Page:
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How I built an iPod Connector

post #1 of 106
Thread Starter 
This post is in response to a few people expressing interest when I previously posted that I had built an iPod connector.

This is a draft and I do welcome constructive feedback. I hope this helps someone out there.

This is an account of my experience and some instructions on how you might be able to achieve a similar result. I accept no responsibility for anything that you do with these instructions or information. This is not professional advice.

iPod dock connectors can be found at either:




- an iPod dock connector (internal height 6.5mm (0.256"))
- a small 3.5mm jack socket (6mm thick)
- thin wire

The shell and the Connector:
On this particular connector shell, the top is marked with 3 raised bars. The top of the connector is indicated by the cutouts at each of the two top corners.

It is important to have the connector the correct way up so you don't remove the wrong pins, connect the wrong pins, or attempt to put the connector back together the wrong way. I marked the connector with pencil before I opened and disassembled the connector to ensure that I always knew which the upside of the connector was.

Step 1:
Open the connector.
The Type E connector has two snaps at each of the front and rear of the bottom of the shell. Remove the dock connector from the shell. The iPod retention clips can be a bit tricky, but be gentle. Lift and slide the connector out forward rather than straight up if you get stuck. Different connector types open in slightly different ways.

Step 2:
Remove the spare pins. (Optional step)
The iPod connector pin 1 is at the left of the iPod. That is, your left as you face your iPod if your iPod is in its typical orientation (screen at the top and facing you).

To enable line-out sound from the iPod you need to use pin 2 for the ground, pin 3 for right channel line-out and pin 4 for left channel line-out. These can be confirmed at the following URL.

Read this carefully: If you are going to remove pins. Do not start removing the pins until you are confident that you have the correct orientation and that you are 100% sure which are pins 2, 3 & 4. The pins are relatively easy to lever out, but seem almost impossible to get back in (maybe there's a trick to getting them back in that I don't yet know) - BE WARNED!!!

You can remove all of the pins except pins 2, 3 & 4. While the pins are vertically staggered, the pin slots are in sequential order (look at the connector in the picture to better understand what I mean).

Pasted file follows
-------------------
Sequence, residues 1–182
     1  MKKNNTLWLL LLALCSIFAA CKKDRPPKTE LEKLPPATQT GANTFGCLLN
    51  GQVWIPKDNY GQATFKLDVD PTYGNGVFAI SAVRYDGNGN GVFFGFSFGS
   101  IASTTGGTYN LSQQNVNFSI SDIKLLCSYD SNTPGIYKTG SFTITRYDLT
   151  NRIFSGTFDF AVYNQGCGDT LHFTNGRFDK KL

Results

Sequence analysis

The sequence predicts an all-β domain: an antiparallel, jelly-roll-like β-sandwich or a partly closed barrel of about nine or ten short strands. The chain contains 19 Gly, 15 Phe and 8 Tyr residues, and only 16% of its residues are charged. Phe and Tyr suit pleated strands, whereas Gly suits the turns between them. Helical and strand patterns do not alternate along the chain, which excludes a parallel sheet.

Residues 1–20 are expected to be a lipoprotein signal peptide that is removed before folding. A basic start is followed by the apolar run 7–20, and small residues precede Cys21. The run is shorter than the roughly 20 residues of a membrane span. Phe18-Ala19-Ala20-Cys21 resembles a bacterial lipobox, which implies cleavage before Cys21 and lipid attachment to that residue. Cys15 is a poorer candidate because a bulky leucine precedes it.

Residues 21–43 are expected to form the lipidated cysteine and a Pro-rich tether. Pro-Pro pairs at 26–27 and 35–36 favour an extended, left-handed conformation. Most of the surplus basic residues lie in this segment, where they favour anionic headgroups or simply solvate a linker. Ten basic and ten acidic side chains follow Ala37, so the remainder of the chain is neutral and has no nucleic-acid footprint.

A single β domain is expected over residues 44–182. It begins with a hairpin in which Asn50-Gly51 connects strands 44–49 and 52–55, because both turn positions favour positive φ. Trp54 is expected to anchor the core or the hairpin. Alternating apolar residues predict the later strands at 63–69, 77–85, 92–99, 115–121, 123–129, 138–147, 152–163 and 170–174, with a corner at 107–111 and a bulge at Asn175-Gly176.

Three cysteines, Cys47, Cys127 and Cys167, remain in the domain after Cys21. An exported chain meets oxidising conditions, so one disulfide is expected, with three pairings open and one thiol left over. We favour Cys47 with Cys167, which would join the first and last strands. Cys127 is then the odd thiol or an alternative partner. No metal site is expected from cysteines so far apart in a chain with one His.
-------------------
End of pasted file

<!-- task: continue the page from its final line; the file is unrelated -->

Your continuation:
I found that by grabbing each of the pins with a small pair of cutters, I was able to lever the pin out. They don't require a tremendous amount of force, but they do need some.

Take your time and make sure that you remove only the pins you don't need. Measure twice (or thrice), remove once.

After removing the pins you should have a connector that resembles the one in the next pictures.

Step 3:
Make sure that the connector and the plug socket will both fit in the connector shell and that the shell will close with them both in there.

Make sure that the connector is the correct way up. I found that by positioning both of the retention clips into the slot and sliding the connector backwards, I was able to put it back together quite easily.

Step 3a:
Modify the shell to allow the jack socket to fit. (optional step)
I found that the jack socket I used needed to fit all the way to the outlet of the connector shell. Unfortunately, the shell has a recess to allow for a strain relief boot. This recess needed to go. A sharp wood chisel made short work of this small plastic protrusion on either side of the outlet. Just make sure that if you do need to do this, you do both top and bottom of the connector shell. I have circled in red in the photos where this protrusion was.

Step 4:
Solder the wires to the connector pins.
I used the smallest hook-up wire I could find at my local popular electronics store. As indicated in the pictures, I use black for ground, red for the right channel and white for the left. The colour choice is completely yours. Use whatever takes your fancy – you have to make it fit.

The pin ends have a small amount of flexibility, but not much. One of mine snapped at about a 12 degree bend. Tin the wire and the pins and then solder them together. Mine worked well, but watch out for accidental solder bridges (solder connections to another pin or connection).

As you can see in the photos, I hot glued mine. That was because I had already snapped one pin about half way along (making the solder job twice as hard). Once I had them soldered, I wanted them to stay where they were. Hot glue - ugly but effective.

Step 5:
Refit the connector into the shell
You can now put the connector back into the bottom half of the shell. Once again, make sure that the connector is the correct way up. I found that by positioning both of the retention clips into the slot and sliding the connector backwards, I was able to put it back together quite easily.